Fly to Mpumalanga
Mpumalanga is the most spectacular of SA’s nine provinces. The scenery is jaw dropping, as you’d expect from a place that boasts a viewpoint called God’s Window. It’s a land of mountains, valleys and dramatic twisting roads, deep gorges and waterfalls and pretty old towns with delicious tea shops. Then, after all that, there’s the enormously impressive Kruger National Park. It’s a land of history and legends, with a name that means “the land of the rising sun” in Zulu and siSwati.
The Panorama Route delivers breathtaking views after every twist along the mountain roads. The route leads you to the Blyde River Canyon, one of the largest canyons in the world at 33km. What makes it so spectacular is lush foliage all the way down the steep slopes to an endless sea of green at the bottom. God’s Window is a highlight, a viewpoint with glorious vistas where cliffs plunge down 700m. The Three Rondavels are another landmark where the rocks have eroded away to leave three beehive-shaped pinnacles.
Another fabulous sight is Bourke’s Luck Potholes, where giant circles have been scoured out of the rocks over the millennium by swirling water where the Treur and Blyde Rivers meet. Walkways and bridges let you stand right above these weird formations. They’re named after Tom Burke, a gold digger who staked a claim nearby.
Graskop is the gateway to the Panorama Route and one of several pretty towns worth spending time in. Sabie is another great little town in which to base yourself. For waterfalls, you’re spoilt for choice with Lisbon Falls, Berlin Falls, Lone Creek Falls, Bridal Veil Falls and Mac Mac Falls all within easy reach.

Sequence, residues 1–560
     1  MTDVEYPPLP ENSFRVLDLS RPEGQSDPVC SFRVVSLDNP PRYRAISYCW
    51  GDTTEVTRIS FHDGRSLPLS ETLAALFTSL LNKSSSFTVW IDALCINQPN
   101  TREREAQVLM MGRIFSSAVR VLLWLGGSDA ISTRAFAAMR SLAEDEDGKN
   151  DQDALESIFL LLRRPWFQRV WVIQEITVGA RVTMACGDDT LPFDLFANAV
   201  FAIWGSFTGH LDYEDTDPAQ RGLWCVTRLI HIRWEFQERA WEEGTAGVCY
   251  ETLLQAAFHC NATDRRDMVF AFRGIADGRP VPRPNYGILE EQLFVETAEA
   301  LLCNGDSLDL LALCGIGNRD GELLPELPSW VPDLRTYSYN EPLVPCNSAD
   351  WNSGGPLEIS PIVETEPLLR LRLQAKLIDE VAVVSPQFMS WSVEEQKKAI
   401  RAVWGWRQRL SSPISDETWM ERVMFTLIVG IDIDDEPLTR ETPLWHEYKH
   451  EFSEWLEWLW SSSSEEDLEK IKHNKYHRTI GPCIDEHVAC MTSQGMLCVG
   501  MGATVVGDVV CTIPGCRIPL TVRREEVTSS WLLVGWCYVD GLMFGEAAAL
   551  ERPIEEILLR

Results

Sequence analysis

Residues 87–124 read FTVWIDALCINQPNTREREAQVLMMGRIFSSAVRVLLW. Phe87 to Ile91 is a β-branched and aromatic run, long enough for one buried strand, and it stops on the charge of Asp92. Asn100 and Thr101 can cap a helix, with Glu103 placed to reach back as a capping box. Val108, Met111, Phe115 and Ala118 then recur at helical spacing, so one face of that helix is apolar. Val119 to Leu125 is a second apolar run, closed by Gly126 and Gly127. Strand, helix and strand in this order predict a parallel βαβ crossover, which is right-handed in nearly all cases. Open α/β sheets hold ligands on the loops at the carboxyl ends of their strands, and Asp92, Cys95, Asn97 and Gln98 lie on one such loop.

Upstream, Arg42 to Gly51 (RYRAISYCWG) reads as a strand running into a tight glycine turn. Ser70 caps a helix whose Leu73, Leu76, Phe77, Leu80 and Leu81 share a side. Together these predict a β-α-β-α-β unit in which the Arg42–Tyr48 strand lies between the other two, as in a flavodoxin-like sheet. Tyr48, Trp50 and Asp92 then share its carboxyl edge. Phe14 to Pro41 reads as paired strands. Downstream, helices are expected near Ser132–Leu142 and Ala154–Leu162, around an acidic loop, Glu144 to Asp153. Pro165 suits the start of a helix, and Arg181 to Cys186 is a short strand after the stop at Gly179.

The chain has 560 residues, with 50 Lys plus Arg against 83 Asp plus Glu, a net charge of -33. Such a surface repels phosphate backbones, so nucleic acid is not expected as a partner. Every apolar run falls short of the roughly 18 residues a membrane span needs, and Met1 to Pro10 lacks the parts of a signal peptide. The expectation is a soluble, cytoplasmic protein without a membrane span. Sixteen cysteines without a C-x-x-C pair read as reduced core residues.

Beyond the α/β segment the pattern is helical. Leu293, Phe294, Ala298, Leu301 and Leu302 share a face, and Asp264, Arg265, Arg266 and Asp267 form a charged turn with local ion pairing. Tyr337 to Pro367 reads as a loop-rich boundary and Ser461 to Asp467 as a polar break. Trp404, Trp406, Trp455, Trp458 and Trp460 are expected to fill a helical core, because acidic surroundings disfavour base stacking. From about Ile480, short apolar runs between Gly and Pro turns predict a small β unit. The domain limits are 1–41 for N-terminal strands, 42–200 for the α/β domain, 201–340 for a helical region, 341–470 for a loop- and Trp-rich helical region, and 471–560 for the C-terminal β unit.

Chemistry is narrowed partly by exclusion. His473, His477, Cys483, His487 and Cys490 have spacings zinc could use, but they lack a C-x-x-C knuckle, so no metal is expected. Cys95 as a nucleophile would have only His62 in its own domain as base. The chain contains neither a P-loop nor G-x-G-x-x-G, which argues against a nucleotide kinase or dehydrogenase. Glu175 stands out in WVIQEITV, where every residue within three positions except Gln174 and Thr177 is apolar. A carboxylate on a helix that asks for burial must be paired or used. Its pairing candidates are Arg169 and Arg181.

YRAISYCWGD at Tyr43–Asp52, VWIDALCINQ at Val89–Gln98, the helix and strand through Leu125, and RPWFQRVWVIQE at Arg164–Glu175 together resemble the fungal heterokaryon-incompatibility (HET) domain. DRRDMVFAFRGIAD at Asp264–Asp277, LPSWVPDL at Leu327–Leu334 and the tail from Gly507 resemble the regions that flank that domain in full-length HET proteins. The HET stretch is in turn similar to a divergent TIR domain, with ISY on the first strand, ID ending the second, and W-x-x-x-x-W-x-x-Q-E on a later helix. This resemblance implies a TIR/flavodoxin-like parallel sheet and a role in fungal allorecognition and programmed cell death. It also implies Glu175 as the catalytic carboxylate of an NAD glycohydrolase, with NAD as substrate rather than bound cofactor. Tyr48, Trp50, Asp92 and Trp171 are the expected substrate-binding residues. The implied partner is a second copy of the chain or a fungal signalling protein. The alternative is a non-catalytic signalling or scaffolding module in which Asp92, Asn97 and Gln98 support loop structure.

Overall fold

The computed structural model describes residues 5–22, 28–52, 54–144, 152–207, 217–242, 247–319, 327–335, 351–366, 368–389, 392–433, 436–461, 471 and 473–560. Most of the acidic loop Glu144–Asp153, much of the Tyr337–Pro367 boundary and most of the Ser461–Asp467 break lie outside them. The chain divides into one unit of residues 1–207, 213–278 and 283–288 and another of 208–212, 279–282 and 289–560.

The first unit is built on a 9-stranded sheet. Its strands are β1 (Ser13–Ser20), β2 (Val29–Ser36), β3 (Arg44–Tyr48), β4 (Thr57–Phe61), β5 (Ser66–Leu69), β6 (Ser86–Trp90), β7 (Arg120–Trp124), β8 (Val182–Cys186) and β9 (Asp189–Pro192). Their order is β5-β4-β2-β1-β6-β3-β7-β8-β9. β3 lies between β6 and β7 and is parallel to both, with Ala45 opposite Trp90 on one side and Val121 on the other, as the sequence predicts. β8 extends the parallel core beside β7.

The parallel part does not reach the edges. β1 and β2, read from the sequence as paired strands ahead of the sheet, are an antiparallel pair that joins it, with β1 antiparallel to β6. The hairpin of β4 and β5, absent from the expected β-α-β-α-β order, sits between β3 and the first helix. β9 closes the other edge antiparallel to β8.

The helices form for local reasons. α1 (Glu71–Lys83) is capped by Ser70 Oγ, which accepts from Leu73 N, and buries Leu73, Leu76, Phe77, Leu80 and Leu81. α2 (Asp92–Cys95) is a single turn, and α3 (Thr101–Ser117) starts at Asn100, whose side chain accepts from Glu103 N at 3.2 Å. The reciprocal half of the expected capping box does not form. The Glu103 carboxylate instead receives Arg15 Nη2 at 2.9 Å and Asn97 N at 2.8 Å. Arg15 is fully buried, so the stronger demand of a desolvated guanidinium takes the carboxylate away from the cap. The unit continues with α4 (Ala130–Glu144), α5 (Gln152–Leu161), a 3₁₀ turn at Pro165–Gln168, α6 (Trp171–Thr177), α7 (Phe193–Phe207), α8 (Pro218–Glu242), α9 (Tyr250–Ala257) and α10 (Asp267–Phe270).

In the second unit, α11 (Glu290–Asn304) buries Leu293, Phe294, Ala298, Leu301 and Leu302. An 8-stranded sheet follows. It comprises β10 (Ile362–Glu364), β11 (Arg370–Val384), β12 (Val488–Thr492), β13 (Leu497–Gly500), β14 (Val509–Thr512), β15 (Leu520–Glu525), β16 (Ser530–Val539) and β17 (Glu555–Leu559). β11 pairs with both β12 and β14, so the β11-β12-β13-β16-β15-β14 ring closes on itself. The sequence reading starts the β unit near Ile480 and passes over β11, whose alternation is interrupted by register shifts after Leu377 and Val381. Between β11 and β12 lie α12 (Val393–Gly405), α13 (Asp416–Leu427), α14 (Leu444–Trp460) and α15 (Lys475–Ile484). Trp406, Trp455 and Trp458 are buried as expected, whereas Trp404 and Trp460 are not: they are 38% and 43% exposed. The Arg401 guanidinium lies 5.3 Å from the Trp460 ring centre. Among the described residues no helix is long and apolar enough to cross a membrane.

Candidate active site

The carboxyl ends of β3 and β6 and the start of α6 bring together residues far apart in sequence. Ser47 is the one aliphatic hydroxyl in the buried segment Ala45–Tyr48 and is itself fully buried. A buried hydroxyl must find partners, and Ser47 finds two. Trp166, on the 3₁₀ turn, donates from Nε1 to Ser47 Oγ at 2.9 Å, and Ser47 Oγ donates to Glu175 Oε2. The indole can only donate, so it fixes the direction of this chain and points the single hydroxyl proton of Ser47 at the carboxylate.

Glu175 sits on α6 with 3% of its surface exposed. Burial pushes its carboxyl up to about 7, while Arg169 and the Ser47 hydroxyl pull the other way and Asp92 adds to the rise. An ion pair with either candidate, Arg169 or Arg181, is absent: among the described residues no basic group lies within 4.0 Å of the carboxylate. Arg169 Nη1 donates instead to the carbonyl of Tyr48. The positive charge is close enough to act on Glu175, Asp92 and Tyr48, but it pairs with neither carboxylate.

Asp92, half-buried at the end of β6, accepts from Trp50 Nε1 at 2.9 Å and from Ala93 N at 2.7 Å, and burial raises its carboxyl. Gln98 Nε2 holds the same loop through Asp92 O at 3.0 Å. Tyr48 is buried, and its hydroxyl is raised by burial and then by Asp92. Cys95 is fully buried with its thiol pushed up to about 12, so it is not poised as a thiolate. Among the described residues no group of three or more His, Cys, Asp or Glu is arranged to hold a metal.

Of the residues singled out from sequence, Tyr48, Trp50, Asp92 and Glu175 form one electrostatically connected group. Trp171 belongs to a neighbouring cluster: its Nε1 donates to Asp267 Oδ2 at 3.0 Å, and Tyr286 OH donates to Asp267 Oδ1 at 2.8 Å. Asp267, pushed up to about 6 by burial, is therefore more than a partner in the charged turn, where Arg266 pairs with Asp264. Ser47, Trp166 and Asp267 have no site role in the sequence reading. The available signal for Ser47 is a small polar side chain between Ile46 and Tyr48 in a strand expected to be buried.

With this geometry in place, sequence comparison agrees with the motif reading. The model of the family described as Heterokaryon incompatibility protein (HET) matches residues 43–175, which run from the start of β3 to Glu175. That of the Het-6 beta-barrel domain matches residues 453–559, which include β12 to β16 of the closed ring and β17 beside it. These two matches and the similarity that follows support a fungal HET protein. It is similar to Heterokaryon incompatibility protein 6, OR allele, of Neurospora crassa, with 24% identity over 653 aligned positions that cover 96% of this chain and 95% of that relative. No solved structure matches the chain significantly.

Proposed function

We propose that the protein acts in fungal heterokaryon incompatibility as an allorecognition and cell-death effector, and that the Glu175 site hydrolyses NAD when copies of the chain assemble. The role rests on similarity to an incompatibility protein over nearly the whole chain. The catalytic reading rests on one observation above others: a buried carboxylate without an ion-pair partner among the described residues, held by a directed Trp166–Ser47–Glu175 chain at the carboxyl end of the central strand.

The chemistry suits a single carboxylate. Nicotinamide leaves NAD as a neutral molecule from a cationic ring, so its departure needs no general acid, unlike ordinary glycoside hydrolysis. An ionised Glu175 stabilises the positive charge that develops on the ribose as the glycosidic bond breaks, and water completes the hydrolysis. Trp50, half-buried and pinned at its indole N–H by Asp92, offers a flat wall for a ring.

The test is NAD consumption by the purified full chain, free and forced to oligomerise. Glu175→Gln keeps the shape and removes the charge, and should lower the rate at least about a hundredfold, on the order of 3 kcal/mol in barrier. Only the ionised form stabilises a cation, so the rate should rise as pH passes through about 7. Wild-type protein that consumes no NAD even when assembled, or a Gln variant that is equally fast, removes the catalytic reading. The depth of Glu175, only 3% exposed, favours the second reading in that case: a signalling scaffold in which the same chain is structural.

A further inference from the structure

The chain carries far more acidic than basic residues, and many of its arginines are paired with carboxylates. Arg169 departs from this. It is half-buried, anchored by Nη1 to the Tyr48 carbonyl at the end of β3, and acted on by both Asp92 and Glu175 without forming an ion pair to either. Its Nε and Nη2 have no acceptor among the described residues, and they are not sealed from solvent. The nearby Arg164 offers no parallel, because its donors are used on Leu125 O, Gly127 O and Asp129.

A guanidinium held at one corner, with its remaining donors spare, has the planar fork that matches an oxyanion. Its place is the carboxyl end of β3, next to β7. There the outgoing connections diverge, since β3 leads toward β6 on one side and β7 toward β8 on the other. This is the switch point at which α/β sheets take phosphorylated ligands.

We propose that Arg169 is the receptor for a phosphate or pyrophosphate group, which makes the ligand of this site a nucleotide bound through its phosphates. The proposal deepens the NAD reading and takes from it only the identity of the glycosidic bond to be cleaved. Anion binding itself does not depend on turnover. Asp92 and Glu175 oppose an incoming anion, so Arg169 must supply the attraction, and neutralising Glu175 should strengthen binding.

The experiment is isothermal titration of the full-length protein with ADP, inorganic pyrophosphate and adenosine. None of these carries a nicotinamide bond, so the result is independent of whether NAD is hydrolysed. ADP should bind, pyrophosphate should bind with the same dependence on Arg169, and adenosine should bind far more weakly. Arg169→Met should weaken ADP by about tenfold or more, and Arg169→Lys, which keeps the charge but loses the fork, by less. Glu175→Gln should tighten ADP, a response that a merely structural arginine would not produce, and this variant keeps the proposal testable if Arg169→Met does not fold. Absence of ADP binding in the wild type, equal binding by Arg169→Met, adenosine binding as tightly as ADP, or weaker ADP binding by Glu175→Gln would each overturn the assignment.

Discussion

Pilgrim’s Rest is a preserved gold rush town dating back to the heady days of 1873. This is where the famous dog Jock of the Bushveld roamed with his master, and where prospectors, hookers, thieves and conmen congregated. The entire village was declared a National Monument in 1986. You can poke around the collection of old houses that have been turned into museums, bars, cafes and craft shops or stay overnight in the historic hotel.
The Kruger National Park has all the wildlife you could hope to see. Since it’s a vast place, it’s better to go on official game drive. Not only are you higher up in a proper game-viewing vehicle, but the rangers also keep in touch with each other and share tips on where the best animal sightings are. To really appreciate nature, try a guided walking safari. It’s not too gruelling and there’s something about seeing nature at eye level that’s far more intimate than from a vehicle.